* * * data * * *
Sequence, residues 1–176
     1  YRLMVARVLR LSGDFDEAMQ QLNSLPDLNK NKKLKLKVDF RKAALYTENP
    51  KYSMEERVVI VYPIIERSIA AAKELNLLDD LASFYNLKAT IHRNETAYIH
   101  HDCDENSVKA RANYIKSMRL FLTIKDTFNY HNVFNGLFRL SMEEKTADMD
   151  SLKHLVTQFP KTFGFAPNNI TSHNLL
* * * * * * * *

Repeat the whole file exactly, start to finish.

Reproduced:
Sequence, residues 1–176
     1  YRLMVARVLR LSGDFDEAMQ QLNSLPDLNK NKKLKLKVDF RKAALYTENP
    51  KYSMEERVVI VYPIIERSIA AAKELNLLDD LASFYNLKAT IHRNETAYIH
   101  HDCDENSVKA RANYIKSMRL FLTIKDTFNY HNVFNGLFRL SMEEKTADMD
   151  SLKHLVTQFP KTFGFAPNNI TSHNLL